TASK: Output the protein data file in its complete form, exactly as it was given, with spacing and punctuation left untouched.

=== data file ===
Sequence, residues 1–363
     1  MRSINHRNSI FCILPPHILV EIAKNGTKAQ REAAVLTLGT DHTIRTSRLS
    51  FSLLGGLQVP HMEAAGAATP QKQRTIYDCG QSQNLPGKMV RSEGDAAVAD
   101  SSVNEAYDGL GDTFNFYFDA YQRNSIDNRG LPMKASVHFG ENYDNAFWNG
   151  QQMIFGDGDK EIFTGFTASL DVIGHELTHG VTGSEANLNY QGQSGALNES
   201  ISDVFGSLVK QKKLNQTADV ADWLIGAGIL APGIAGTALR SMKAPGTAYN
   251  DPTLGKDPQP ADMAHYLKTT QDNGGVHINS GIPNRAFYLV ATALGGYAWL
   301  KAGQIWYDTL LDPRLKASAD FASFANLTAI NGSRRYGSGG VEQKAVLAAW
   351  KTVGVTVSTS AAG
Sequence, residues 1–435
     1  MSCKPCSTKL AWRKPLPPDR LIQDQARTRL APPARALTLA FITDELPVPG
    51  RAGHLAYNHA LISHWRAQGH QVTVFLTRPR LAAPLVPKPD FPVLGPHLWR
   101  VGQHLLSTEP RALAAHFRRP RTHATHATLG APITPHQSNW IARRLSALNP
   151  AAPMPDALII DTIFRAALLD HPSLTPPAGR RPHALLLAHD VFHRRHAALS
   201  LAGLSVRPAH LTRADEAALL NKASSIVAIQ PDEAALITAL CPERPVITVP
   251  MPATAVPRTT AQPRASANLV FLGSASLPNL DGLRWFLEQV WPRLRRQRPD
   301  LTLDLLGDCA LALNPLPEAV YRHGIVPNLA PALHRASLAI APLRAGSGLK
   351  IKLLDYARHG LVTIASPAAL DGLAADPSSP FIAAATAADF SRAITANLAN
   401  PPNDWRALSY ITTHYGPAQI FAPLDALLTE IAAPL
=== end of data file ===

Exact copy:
Sequence, residues 1–363
     1  MRSINHRNSI FCILPPHILV EIAKNGTKAQ REAAVLTLGT DHTIRTSRLS
    51  FSLLGGLQVP HMEAAGAATP QKQRTIYDCG QSQNLPGKMV RSEGDAAVAD
   101  SSVNEAYDGL GDTFNFYFDA YQRNSIDNRG LPMKASVHFG ENYDNAFWNG
   151  QQMIFGDGDK EIFTGFTASL DVIGHELTHG VTGSEANLNY QGQSGALNES
   201  ISDVFGSLVK QKKLNQTADV ADWLIGAGIL APGIAGTALR SMKAPGTAYN
   251  DPTLGKDPQP ADMAHYLKTT QDNGGVHINS GIPNRAFYLV ATALGGYAWL
   301  KAGQIWYDTL LDPRLKASAD FASFANLTAI NGSRRYGSGG VEQKAVLAAW
   351  KTVGVTVSTS AAG
Sequence, residues 1–435
     1  MSCKPCSTKL AWRKPLPPDR LIQDQARTRL APPARALTLA FITDELPVPG
    51  RAGHLAYNHA LISHWRAQGH QVTVFLTRPR LAAPLVPKPD FPVLGPHLWR
   101  VGQHLLSTEP RALAAHFRRP RTHATHATLG APITPHQSNW IARRLSALNP
   151  AAPMPDALII DTIFRAALLD HPSLTPPAGR RPHALLLAHD VFHRRHAALS
   201  LAGLSVRPAH LTRADEAALL NKASSIVAIQ PDEAALITAL CPERPVITVP
   251  MPATAVPRTT AQPRASANLV FLGSASLPNL DGLRWFLEQV WPRLRRQRPD
   301  LTLDLLGDCA LALNPLPEAV YRHGIVPNLA PALHRASLAI APLRAGSGLK
   351  IKLLDYARHG LVTIASPAAL DGLAADPSSP FIAAATAADF SRAITANLAN
   401  PPNDWRALSY ITTHYGPAQI FAPLDALLTE IAAPL